The Great Podcasting Experiment!

15 Dec
Tony Talk Radio?

Tony Talk Radio?

Many years ago, I think I was 11 or 12 years old, my Mom told me she would give me five dollars for every home run I hit while playing in Little League.  The season didn’t start off very well but towards the end I hit 7 home runs and one was a grand slam.  Unfortunately there were no bonuses for RBIs!  I made a total of $35, technically I guess I was a professional baseball player!  With that $35 I bought a Panasonic tape recorder.  I don’t recall why, I just thought being able to record things and play them back was really cool.  Music, my friends, etc…

I’m not sure how the creative juices got flowing but I’m sure I was sitting in my room messing with the tape recorder talking into the mic and then playing it back that I thought how neat it would be to put on a radio show.  I could use the recorder to record the show and then play it back.  I busted out my trusty Radio Shack catalog and starting thinking of what I must need to connect other audio equipment to my tape recorder.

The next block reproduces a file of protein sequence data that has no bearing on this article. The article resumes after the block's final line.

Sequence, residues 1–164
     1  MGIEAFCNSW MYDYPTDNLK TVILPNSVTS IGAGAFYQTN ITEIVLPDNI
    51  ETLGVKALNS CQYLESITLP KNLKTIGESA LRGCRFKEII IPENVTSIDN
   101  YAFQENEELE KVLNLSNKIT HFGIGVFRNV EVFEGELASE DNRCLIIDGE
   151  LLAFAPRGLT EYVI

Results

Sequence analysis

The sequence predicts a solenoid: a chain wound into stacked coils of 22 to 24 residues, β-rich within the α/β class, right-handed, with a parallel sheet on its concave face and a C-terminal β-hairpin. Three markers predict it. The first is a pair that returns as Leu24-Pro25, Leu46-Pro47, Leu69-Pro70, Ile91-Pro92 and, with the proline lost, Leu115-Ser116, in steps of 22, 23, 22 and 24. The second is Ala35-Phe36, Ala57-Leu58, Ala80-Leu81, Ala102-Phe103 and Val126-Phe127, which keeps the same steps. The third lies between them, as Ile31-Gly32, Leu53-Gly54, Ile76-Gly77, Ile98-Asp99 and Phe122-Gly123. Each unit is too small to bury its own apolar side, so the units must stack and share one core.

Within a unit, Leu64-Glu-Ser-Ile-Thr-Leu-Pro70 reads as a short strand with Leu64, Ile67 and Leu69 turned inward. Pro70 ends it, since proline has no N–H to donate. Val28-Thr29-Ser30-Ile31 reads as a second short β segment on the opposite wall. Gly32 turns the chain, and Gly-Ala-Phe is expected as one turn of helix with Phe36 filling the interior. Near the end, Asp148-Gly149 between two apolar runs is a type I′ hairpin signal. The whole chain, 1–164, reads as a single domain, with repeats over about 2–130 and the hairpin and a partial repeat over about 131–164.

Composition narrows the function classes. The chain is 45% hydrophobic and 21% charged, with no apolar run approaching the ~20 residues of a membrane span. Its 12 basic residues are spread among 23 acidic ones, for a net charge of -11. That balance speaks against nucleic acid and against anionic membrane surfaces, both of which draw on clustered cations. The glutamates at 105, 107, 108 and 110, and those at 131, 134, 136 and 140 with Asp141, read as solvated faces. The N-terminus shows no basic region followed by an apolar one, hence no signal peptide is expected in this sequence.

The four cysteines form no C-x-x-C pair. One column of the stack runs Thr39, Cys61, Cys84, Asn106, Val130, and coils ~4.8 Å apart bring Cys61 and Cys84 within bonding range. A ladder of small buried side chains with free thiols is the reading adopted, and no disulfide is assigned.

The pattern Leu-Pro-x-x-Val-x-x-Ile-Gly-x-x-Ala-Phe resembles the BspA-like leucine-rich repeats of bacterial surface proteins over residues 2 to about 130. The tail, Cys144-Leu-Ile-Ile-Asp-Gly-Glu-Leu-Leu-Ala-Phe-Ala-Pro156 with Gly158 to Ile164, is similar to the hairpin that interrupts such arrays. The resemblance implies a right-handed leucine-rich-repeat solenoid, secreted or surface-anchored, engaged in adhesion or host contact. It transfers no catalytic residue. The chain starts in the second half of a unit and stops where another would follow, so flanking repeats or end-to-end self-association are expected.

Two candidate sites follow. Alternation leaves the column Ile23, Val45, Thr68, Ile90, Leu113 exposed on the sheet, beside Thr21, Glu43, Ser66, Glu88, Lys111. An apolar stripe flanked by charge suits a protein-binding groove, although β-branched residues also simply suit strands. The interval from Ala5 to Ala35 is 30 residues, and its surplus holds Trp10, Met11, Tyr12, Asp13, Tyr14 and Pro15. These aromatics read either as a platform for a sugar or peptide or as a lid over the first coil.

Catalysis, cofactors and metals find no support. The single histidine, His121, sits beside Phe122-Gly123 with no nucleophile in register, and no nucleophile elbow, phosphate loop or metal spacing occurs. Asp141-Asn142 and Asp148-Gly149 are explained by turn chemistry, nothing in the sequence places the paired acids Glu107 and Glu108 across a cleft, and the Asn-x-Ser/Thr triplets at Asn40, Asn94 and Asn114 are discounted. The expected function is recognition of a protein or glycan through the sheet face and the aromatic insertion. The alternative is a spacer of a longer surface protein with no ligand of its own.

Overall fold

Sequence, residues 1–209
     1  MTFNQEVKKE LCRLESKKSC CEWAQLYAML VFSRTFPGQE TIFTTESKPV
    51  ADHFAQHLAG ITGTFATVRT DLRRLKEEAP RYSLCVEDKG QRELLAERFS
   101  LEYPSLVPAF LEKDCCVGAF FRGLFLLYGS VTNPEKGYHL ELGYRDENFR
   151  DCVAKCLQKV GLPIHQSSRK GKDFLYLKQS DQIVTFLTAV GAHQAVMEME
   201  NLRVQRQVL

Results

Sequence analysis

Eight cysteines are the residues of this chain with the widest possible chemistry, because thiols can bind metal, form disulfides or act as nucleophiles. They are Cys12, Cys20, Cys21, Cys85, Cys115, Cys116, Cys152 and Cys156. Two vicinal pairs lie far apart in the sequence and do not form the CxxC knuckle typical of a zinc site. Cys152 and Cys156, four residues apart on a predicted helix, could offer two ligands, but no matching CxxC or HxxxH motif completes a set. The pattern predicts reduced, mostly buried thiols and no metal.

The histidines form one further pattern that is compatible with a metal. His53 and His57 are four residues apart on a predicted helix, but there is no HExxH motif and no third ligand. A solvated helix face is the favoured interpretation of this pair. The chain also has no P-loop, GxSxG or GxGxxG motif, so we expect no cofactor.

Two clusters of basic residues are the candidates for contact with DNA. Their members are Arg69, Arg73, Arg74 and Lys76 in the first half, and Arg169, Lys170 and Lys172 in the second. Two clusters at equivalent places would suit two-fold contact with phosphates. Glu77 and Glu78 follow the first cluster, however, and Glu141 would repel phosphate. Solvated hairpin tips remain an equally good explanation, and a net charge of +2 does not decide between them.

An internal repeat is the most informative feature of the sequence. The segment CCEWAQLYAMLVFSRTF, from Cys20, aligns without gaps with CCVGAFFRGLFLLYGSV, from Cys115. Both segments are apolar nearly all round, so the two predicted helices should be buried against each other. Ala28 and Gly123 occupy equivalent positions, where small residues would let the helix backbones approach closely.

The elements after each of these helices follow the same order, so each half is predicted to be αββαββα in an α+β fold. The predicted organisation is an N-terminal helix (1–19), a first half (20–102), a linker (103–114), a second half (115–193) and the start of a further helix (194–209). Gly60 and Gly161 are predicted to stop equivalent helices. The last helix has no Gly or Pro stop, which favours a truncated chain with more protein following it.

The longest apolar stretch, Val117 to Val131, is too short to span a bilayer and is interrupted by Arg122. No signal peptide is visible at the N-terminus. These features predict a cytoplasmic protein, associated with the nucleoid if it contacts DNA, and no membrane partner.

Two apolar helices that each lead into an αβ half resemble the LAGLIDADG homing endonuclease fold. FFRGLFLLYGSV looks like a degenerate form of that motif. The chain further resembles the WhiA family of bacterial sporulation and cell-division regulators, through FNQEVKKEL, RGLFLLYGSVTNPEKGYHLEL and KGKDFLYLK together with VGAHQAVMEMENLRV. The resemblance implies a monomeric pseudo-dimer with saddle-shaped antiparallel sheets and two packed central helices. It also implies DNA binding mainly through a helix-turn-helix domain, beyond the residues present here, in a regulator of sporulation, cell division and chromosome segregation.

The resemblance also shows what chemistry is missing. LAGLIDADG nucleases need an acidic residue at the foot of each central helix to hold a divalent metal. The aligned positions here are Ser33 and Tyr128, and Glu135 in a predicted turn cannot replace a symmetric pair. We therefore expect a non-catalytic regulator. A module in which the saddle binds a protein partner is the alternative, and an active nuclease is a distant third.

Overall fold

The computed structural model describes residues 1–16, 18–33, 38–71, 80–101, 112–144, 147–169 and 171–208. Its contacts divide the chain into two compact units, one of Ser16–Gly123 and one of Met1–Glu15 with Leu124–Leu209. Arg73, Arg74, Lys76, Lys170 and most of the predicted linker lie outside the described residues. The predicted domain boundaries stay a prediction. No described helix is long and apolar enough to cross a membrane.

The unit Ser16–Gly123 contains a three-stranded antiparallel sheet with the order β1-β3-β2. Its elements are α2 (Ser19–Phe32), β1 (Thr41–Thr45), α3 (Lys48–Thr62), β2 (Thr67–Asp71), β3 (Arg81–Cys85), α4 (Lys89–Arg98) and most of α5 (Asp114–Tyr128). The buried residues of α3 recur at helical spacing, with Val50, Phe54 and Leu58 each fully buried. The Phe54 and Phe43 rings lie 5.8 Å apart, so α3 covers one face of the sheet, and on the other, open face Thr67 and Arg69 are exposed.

I remember I built a make shift mixer, a boom mic (using a speaker in a tin can) and a long piece of 1″ square wood.  I set up several microphones around the room and connected them all to my mixer.  The mixer consisted of 12 volt switches that were either on “SNAP!” or off, but if I switched them slowly you didn’t her the loud snap on the recording. 😀